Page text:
On Fri, 3 Jan 2014 12:16:22 -0600 Dan Nelson <dnel...@allantgroup.com> wrote:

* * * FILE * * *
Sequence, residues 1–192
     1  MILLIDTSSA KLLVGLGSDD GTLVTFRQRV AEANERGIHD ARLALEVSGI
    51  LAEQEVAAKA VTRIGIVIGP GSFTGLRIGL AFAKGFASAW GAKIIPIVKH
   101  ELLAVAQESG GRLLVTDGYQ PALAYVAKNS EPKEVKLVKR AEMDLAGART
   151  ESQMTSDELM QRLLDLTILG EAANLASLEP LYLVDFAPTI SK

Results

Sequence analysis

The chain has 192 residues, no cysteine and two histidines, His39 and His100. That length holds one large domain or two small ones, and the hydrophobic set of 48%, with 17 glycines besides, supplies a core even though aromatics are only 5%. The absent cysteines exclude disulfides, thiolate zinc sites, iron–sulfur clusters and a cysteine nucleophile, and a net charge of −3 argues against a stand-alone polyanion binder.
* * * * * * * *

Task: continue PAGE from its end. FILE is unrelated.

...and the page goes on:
> In the last episode (Jan 03), O. Hartmann said: > > On Fri, 3 Jan 2014 14:38:03 -0000 "Steven Hartland" > > <kill...@multiplay.co.uk> wrote: > > > From: "O. Hartmann" <ohart...@zedat.fu-berlin.de> > > > > For some security reasons, I dumped via "dd" a large file onto > > > > a 3TB disk. The systems is 11.0-CURRENT #1 r259667: Fri Dec 20 > > > > 22:43:56 CET 2013 amd64. Filesystem in question is a single > > > > ZFS pool. > > > > > > > > Issuing the command > > > > > > > > "rm dumpfile.txt" > > > > > > > > and then hitting Ctrl-Z to bring the rm command into background > > > > via fg" (I use FreeBSD's csh in that console) locks up the > > > > entire command and even worse - it seems to wind up the pool in > > > > question for being exported! > > > > > > You can check that gstat -d > > > > command report 100% acticity on the drive. I exported the pool in > > question in single user mode and now try to import it back while in > > miltiuser mode. > > Did you happen to have enabled deduplication on the filesystem in > question? That's the only thing I can think of that would make file > deletions run slow. I have deleted files up to 10GB on regular > filesystems with no noticable delay at the commandline. If you have > deduplication enabled, however, each block's hash has to be looked up > in the dedupe table, and if you don't have enough RAM for it to be > loaded completely into memory, that will be very very slow :) > > There are varying recommendations on how much RAM you need for a > given pool size, since the DDT has to hold an entry for each block > written, and blocksize depends on whether you wrote your files > sequentially (128K blocks) or randomly (8k or smaller). Each DDT > entry takes 320 bytes of RAM, so a full 3TB ZFS pool would need at > minimum 320*(3TB/128K) ~= 7GB of RAM to hold the DDT, and much more > than that if your averge blocksize is less than 128K. > > So, if your system has less than 8GB of RAM in it, there's no way the > DDT will be able to stay in memory, so you're probably going to have > to do at least one disk seek (probably more, since you're writing to > the DDT as well) per block in the file you're deleting. You should > probably have 16GB or more RAM, and use an SSD as a L2ARC device as > well. > Thanks for the explanation. The box in question has 32GB RAM. I wrote a single file, 2,72 GB in size, to the pool, which I tried to "remove via rm" then. DEDUp seems to be off according to this information: [~] zfs get all BACKUP00 NAME PROPERTY VALUE SOURCE BACKUP00 type filesystem - BACKUP00 creation Fr Dez 20 23:14 2013 - BACKUP00 used 2.53T - BACKUP00 available 147G - BACKUP00 referenced 144K - BACKUP00 compressratio 1.00x - BACKUP00 mounted yes - BACKUP00 quota none default BACKUP00 reservation none default BACKUP00 recordsize 128K default BACKUP00 mountpoint /BACKUP00 default BACKUP00 sharenfs off default BACKUP00 checksum on default BACKUP00 compression off default BACKUP00 atime on default BACKUP00 devices on default BACKUP00 exec on default BACKUP00 setuid on default BACKUP00 readonly off default BACKUP00 jailed off default BACKUP00 snapdir hidden default BACKUP00 aclmode discard default BACKUP00 aclinherit restricted default BACKUP00 canmount on default BACKUP00 xattr off temporary BACKUP00 copies 1 default BACKUP00 version 5 - BACKUP00 utf8only off - BACKUP00 normalization none - BACKUP00 casesensitivity sensitive - BACKUP00 vscan off default BACKUP00 nbmand off default BACKUP00 sharesmb off default BACKUP00 refquota none default BACKUP00 refreservation none default BACKUP00 primarycache all default BACKUP00 secondarycache all default BACKUP00 usedbysnapshots 0 - BACKUP00 usedbydataset 144K - BACKUP00 usedbychildren 2.53T - BACKUP00 usedbyrefreservation 0 - BACKUP00 logbias latency default BACKUP00 dedup off default BACKUP00 mlslabel - BACKUP00 sync standard default BACKUP00 refcompressratio 1.00x - BACKUP00 written 144K - BACKUP00 logicalused 2.52T - BACKUP00 logicalreferenced 43.5K - Funny, the disk is supposed to be "empty" ... but is marked as used by 2.5 TB ...
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